Building Effective Online Author Plaforms

George_Burns_2_Allan_Warren ADoesn’t every author have an online platform? Seems a silly question with all the books being published and their related promotions on Twitter and Facebook. Yet, many of the web sites associated with these writers are unfocused and ineffective according to Michael Kelberer who conducted the local SinC presentation on the topic, March 29, 2014. These web sites promote their books but not their brand, i.e., the potential reader has little or no idea who this author is or what his or her books are about.

Though authors as a group are used to researching the backgrounds for their novels and stories, they aren’t as comfortable researching strategies and techniques for marketing their writing. Urging us to “look at other people doing what I want to do,” Kelberer supplied tips to maximize traffic to an author’s web site, identified online resources to find and retain readers, and surveyed the web sites of a half dozen successful authors.

Though this information was extremely helpful and in many cases, eye-opening in its scope, the most important points he made during his two plus hours boiled down to two, one practical and one philosophic. The practical one was to use your research, visits, travel, and other information related to your books as subject matter for your blog. To keep readers informed and interested in your work, sharing the research and discoveries made along the way helps make authors real people to their readers.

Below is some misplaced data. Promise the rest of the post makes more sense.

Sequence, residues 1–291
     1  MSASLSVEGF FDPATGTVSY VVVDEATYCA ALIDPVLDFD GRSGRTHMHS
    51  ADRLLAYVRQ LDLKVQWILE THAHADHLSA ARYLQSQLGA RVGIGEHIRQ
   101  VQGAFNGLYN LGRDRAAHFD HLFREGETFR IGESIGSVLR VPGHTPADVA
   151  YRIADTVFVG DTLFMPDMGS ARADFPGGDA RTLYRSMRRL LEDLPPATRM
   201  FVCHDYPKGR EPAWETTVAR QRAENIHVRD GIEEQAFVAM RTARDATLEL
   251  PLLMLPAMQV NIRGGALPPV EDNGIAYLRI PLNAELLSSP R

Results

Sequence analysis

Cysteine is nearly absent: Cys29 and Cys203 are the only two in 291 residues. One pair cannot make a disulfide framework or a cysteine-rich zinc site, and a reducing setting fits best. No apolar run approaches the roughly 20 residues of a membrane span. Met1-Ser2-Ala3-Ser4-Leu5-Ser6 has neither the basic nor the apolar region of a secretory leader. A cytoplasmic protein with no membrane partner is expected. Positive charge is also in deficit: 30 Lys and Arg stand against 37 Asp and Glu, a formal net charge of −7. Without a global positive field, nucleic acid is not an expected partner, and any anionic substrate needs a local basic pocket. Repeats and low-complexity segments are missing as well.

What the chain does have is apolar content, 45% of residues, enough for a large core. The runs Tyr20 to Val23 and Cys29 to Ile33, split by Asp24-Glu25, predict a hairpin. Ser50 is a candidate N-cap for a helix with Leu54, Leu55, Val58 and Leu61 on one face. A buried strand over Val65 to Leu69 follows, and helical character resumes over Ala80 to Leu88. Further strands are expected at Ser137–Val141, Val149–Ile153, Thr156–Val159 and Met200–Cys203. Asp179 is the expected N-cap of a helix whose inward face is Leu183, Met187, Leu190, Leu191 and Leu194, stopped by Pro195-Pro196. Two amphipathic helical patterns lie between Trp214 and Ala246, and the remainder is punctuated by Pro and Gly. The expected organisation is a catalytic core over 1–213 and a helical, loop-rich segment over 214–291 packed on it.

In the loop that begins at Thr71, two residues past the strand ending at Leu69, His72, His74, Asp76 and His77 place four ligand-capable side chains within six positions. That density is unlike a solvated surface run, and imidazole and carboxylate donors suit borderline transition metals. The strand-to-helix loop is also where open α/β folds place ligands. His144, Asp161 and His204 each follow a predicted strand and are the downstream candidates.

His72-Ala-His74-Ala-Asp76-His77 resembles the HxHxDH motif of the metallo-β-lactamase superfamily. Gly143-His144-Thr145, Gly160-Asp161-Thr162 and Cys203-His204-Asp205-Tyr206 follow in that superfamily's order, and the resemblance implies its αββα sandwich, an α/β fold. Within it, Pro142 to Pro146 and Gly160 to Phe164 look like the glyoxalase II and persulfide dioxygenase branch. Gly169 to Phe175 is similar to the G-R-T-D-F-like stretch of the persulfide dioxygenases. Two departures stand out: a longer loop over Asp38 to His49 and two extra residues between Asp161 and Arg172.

The philosophical point dovetails with the practical: Be consistently true to yourself in your web site and social media presentations. If an author’s goal is to share his or her writing with readers, the web site should reflect the writer’s interest and personality. More than that, doing so forms a bond, a sort of online handshake that this writer is authentic, i.e. that the site reflects his or her writing and world view and are worth a perusal.

Comedian George Burns once said, “Sincerity – if you can fake that, you’ve got it made.” While authors are in the business of spinning yarns and telling lies, if they wish their writing to be read and expect people to pay for the privilege, their presentations of themselves must be sincere and genuine. Their author platforms are the most important part of establishing their online contract with their readers.

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